Curious Food Studies Just In Time For The Holidays


Curious Food Studies Just In Time For The Holidays

Despite the Thanksgiving holidays last week, there is no shortage of food research studies for us to ponder perhaps like the following: “that’s helpful”, “that’s obvious” or “huh, what?”.  So here is what some researchers believe you need to know.

Eating On A Red Plate Makes You East Less?  Here is something you can try at home. Cognitive psychology researchers at the University of Parma, Italy have found that people may eat significantly less when eating off of a red dish as opposed to a blue or white dish.  That Study can be found at:  but researchers are still unsure if they may be other contributing factors to their findings. According to a CNN report, the underlying basis could be how we associate the color red with stops signs and other things that may produce a psychological effect to proceed cautiously. See

Environmental Pollution Affecting Brain Development In Children.  There is substantial research that links environmental air pollution to adverse effects on brain development in children and unborn fetuses. Poor air quality is no longer limited to disadvantaged urban neighborhoods.  According to researchers, as many as one in six children has a neurodevelopmental disability that is linked to air pollution.  For an extensive discussion of this growing concern see Florence Williams’ report at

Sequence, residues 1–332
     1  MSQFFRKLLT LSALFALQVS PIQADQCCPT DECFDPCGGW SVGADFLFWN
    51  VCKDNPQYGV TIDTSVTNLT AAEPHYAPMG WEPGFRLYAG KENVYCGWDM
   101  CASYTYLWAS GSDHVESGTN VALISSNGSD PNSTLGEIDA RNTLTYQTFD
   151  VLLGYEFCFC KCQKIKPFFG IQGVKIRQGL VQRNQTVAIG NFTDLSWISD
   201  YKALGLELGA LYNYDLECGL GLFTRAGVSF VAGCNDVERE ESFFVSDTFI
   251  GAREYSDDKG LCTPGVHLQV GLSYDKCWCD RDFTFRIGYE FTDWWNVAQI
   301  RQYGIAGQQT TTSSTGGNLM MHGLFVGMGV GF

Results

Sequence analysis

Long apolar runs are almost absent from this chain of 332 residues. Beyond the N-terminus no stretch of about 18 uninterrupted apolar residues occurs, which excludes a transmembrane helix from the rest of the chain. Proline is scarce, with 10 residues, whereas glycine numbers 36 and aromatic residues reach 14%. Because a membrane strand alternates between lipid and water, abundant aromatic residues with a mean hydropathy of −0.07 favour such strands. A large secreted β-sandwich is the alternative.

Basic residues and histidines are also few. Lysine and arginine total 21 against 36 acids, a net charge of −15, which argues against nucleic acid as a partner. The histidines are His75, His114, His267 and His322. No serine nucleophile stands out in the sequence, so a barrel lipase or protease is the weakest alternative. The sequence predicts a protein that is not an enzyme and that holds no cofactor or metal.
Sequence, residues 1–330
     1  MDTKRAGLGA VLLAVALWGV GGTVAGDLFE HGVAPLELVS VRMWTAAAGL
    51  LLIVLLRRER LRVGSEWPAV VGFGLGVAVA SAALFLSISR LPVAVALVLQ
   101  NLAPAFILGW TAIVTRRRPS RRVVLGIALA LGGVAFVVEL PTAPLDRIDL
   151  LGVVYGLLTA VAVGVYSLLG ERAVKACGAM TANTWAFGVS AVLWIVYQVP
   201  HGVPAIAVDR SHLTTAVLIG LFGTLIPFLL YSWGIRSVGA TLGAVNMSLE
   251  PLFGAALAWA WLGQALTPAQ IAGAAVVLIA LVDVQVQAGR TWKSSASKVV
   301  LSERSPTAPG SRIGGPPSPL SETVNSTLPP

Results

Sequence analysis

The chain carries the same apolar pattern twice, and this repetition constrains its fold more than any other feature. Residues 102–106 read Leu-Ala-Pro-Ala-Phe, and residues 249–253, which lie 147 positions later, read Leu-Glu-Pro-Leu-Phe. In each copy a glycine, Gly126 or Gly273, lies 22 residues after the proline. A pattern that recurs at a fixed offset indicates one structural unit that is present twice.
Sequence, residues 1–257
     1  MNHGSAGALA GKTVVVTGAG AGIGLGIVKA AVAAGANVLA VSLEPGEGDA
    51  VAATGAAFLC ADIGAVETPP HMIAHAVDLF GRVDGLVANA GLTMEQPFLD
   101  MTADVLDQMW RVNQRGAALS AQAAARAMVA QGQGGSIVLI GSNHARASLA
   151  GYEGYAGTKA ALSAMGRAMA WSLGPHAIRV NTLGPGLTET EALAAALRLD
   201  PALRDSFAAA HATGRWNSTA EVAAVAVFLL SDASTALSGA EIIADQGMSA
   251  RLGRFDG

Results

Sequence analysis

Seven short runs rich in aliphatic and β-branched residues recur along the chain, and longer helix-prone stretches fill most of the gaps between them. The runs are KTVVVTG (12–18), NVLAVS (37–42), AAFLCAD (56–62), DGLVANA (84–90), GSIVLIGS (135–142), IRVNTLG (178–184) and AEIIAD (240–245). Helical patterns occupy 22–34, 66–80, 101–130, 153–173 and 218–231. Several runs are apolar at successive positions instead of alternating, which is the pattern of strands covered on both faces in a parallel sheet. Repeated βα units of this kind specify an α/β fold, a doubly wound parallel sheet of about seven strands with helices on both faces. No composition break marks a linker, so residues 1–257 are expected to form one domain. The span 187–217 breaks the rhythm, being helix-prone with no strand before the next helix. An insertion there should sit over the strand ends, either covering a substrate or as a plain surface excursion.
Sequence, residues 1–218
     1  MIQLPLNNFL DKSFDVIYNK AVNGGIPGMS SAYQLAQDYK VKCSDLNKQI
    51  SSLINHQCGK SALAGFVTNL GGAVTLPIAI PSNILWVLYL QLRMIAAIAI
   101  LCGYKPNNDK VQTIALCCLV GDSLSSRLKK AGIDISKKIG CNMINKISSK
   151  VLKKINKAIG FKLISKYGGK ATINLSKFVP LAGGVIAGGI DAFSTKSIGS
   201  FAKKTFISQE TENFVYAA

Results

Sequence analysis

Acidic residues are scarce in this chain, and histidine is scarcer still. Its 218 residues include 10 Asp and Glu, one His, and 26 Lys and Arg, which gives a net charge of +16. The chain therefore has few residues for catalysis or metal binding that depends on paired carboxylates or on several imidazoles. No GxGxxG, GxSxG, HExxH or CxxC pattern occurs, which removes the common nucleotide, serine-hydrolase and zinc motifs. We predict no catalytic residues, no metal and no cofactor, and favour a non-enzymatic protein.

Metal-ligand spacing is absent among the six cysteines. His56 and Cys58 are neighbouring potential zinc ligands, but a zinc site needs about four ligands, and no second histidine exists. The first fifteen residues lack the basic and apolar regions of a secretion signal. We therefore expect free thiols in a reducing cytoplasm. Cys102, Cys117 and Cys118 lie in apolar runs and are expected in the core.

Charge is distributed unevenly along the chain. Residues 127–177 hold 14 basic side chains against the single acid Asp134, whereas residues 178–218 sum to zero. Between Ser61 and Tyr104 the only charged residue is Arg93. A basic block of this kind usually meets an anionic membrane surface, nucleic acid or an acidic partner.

Messy Children Make Better Learners.  You can try this at home, but I am not suggesting it unless you like to clean up after your infant children. Researchers at the University of Iowa have concluded that the messier your infant child gets while playing with his or her food while in high chair, the more that child is learning. Beware, apparently this works best with nonsolid foods. To learn more about this University of Iowa study see

The Financial Cost Of Eating A Healthy Diet.  While conventional wisdom has been that healthier foods cost more, researchers at Harvard University’s School of Public Health have found that most healthier diets cost about $1.50 more per day than typical unhealthy diets.  Basically, these researchers found that healthier diets with a lot of fruits, vegetables, nuts and fish – are slightly more expensive than unhealthy diets with an emphasis on processed foods, refined grains, and meats. I have written quite a bit about U.S. Food Policy and this study, in my view, confirms that U.S. subsidies should be used to lower the cost of healthier foods instead of the current policy of subsidizing unhealthy foods.  This study can be found at

Potential New Treatment For Peanut Allergies Holds Promise.  If you know someone with an allergy to peanuts, you probably know that they have to be very careful in knowing the source of their foods. Over 100 deaths per year occur from an accidental ingestation of peanuts.  Deborah Kotz of the Boston Globe, who has written in that past on this issue, reports about a promising new method to help people with extreme peanut allergies.  Her report is at

If you have an idea for a blog or have any questions or comments please feel free to write me. Thanks!


Kirk Schroder / Food Advocate /